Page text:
NFPA 70B, Recommended Practice for Electrical Equipment Maintenance, has historically been just that: a recommendation.
However, beginning in 2023, that recommendation will now become a standard, i.e., it will be become enforceable once adopted by an authority having jurisdiction (AHJ). Furthermore, if approved by National Fire Protection Association (NFPA) membership and the NFPA Standards Council next summer, NFPA 70B will acquire its new status as a standard at the end of next year. While it may not become applicable immediately, it is important to be ready for the eventual change.
Although there is no indication it will be directly adopted by the Centers for Medicare & Medicaid Services, NFPA 70B will likely be referenced in future editions of NFPA 70® National Electrical Code® (NEC). It may also be adopted directly by states as they adopt current editions of the NEC.
The adoption of NFPA 70B won’t come without its conflicts, however. Recent editions of NFPA 99, Health Care Facilities Code, have included a section on electrical preventative maintenance. The intent of the new section of NFPA 99 isn’t to create a new requirement, but rather to locate all the requirements in one, easier to use location for health care facilities managers. NFPA 70B also has developed some new requirements that conflict with existing NFPA requirements that health care organizations will need to sort out with their local AHJ. A few examples of this include:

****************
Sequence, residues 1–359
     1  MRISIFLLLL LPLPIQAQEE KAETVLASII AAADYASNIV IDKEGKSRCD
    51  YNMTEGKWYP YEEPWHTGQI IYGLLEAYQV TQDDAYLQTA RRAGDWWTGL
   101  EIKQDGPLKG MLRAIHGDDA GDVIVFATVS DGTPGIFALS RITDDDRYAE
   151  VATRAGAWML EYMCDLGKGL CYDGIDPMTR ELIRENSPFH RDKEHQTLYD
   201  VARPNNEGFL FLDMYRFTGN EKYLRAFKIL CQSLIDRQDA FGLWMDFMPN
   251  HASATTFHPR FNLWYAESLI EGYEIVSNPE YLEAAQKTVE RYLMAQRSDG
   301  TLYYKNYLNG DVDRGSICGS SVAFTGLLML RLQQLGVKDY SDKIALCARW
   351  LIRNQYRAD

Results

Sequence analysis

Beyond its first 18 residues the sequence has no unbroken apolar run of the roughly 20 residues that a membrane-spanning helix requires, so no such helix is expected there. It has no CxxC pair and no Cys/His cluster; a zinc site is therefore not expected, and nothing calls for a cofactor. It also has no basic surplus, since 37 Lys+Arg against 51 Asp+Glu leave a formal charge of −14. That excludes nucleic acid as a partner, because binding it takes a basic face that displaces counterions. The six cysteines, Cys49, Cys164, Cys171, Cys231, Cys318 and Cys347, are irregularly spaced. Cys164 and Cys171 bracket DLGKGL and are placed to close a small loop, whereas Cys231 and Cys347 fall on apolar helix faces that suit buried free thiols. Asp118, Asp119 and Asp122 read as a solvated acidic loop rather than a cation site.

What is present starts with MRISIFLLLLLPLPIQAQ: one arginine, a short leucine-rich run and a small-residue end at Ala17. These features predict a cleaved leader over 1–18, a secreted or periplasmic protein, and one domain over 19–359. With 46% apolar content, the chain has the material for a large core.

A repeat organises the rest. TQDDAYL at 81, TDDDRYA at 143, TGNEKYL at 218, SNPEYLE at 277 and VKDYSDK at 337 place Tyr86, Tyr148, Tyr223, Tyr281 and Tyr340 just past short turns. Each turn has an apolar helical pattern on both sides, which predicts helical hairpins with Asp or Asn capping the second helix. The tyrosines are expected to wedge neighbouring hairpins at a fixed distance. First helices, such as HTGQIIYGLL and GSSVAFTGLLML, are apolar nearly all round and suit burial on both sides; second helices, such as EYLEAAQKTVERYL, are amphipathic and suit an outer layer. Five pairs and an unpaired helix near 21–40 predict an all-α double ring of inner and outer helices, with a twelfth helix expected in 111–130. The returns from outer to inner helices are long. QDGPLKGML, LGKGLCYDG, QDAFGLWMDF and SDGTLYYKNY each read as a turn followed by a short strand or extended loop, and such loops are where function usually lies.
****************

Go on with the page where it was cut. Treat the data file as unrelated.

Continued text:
Receptacles and ground fault circuit interpreters:
NFPA 99 section 18.104.22.168 includes requirements for annual inspection of electrical receptacles in patient care spaces, but NFPA 70B may now require visual inspection as frequently as every month depending on its condition. NFPA 70B determines frequencies depending on three equipment condition levels: Equipment Physical Condition 1 being like new, Equipment Physical Condition 2 including equipment that has revealed issues in the past and Equipment Physical Condition 3 including equipment that has required repairs over the past two maintenance cycles.
Critical equipment that could “endanger personnel” must be identified as Condition 3, which may include patient care receptacles depending on the AHJ interpretation. It should also be noted that NFPA 99 focused on the receptacles in the patient care space, whereas NFPA 70 addresses all receptacles.
NFPA 99 requires transfer switches to be visually inspected monthly and tested and maintained every three years, whereas NFPA 70B could require inspection, testing and maintenance every year if the transfer switches are classified as Condition 3.
While in most situations the requirements in NFPA 99 would likely govern, in situations where local or state AHJ’s have adopted NFPA 70B and have not adopted NFPA 99, the AHJ would not recognize the conflict. It will be important to keep an eye on future adoptions and ensure that the requirements already established by NFPA 99 are considered in any local adoption efforts.